26 Jan 2017
tech & social media

How tech and social media is impacting protest

Social media is impacting all areas of our life. The way we protest is no different. The power of digital media allows the public voice to be heard by many, all over the world. But is it uniting us, or isolating us in a digital bubble of our own making? Our social media exec, Emma, takes a closer look… 

What do we want? A hashtag. When do we want it? Now!

They came from everywhere. They heard the call and congregated together. They protested with placards, and they protested on social media. They trended on Twitter, checked in on Facebook, showed up with SnapChat, and did live broadcasts using Periscope.

Recently, the political landscape has played out on all social media avenues, with often unexpected and surprising results. Unless you’ve been living under a rock, or in a wi-fi blackspot, you will have seen the backing of #Brexit, the triumph of Trump, and last weekend’s #WomensMarch.

There have been the hashtags, the trending topics, the shared opinions. They have divided nations and united the whole world. If you have something to say, social media provides a place for every voice to be heard.

That can only be good thing, right?


From the front line to online

The power of social media has never been so evident than with the recent #WomensMarch: 5 million people, 7 continents, 81 countries, 673 marches. It is no surprise that Twitter reached, and inspired, people to march all over the world. From a little town in Nova Scotia with a population of 65, to Washington, London and Sydney to name a few, the impact of one simple hashtag has been astounding.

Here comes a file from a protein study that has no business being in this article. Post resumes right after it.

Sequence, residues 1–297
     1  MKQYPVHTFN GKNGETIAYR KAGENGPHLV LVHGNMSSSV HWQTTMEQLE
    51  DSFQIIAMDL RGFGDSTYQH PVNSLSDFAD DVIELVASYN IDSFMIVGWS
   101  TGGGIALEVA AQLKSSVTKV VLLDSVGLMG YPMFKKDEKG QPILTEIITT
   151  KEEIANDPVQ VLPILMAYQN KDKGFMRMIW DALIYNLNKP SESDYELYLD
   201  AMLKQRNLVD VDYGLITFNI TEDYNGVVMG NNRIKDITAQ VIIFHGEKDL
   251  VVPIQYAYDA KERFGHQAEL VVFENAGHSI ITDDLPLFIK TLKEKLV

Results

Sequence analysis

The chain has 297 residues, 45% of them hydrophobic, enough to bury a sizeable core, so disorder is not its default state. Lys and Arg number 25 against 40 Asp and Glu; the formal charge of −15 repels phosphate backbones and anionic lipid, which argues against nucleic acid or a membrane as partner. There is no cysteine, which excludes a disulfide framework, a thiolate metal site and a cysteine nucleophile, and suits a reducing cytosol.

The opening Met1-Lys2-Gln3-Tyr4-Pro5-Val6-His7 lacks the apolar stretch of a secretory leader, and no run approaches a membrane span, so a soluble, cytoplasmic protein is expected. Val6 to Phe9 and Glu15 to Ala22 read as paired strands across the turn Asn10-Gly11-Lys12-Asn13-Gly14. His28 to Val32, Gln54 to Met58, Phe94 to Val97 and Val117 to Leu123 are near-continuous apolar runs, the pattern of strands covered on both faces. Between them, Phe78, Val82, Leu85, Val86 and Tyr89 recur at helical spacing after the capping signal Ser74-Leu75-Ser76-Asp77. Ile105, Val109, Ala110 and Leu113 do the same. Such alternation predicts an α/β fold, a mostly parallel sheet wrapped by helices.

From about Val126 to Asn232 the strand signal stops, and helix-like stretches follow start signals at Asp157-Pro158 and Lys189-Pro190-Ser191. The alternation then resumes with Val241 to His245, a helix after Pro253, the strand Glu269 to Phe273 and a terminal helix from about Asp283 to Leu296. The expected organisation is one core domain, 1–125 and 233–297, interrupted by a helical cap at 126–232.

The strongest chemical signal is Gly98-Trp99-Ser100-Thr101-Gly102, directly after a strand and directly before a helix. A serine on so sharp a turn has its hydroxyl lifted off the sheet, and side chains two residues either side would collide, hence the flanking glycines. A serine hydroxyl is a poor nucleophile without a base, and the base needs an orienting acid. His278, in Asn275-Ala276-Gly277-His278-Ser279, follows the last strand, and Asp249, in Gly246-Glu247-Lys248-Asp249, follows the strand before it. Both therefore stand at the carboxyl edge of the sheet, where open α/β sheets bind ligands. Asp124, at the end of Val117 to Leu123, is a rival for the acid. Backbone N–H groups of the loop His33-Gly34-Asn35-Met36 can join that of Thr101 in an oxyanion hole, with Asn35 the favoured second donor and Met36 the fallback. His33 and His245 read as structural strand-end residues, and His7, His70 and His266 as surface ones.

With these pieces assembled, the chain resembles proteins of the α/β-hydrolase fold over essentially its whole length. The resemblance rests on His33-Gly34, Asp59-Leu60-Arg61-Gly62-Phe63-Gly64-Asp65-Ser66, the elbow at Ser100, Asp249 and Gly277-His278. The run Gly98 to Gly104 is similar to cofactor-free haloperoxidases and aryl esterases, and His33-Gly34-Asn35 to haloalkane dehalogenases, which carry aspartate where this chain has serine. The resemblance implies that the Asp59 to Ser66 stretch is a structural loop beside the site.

Tech is giving everyone the power to protest, whether it be from the front line of a march, or through their keyboard. Citizen journalism is now beating many professional media organisations to the punch, as anyone can broadcast what is unfolding around them with digital tools such as Periscope and Facebook Live. Unfiltered news can spread at the touch of a button, and building a following has never been easier.

A swell of support that once took months, even years, to build, can now take a matter of minutes.


Safety in numbers

While Twitter brought women together, Facebook was used to protect. Demonstrators took to the Standing Rock Reservation in Dakota to protest the planned creation of an oil pipeline across the Native American Reservation. Supporters encouraged as many people to ‘check in’ on the social media site in order to ‘confuse officials’.

The Morton County sheriff’s department allegedly used Facebook check-ins to target people at the protest camp, so this social media request aimed to overwhelm and confuse them as to who was actually there. The act became a show of solidarity. In just a few short hours the check-ins grew by over 700,000. Where else can a movement have such an impact so quickly, but on social media?


Bursting the bubble

It’s easy to think that social media is the key to fighting injustices together. Tech and social media allows us to connect with like-minded individuals, and start global discussions. But has it left us living in a social media bubble? Just like we surround ourselves with like-minded friends in the real world, are we doing the same with our digital presence?

Generally, we follow influencers and individuals with similar passions and interests. A tweak in the Facebook algorithm prioritises content from our friends and family to the top of our feeds. There may be 1.6billion social network users worldwide, but Facebook doesn’t give their voices equal value.

This might be why Brexit came as such a shock to many Remain supporters: they simply didn’t have as many ‘Leave’ supporters in their friend list.


Maintaining the momentum

Social media gives us the power to spread our news and opinions, to build a network of supporters and protestors, and take charge of the messages we want to hear. However, after millions of women marched through the streets there is one big question left to answer – now what?

Technology and social media may have promoted the protest, but can it help maintain the momentum? Or will it just be replaced by the next big hashtag?

Social media in protest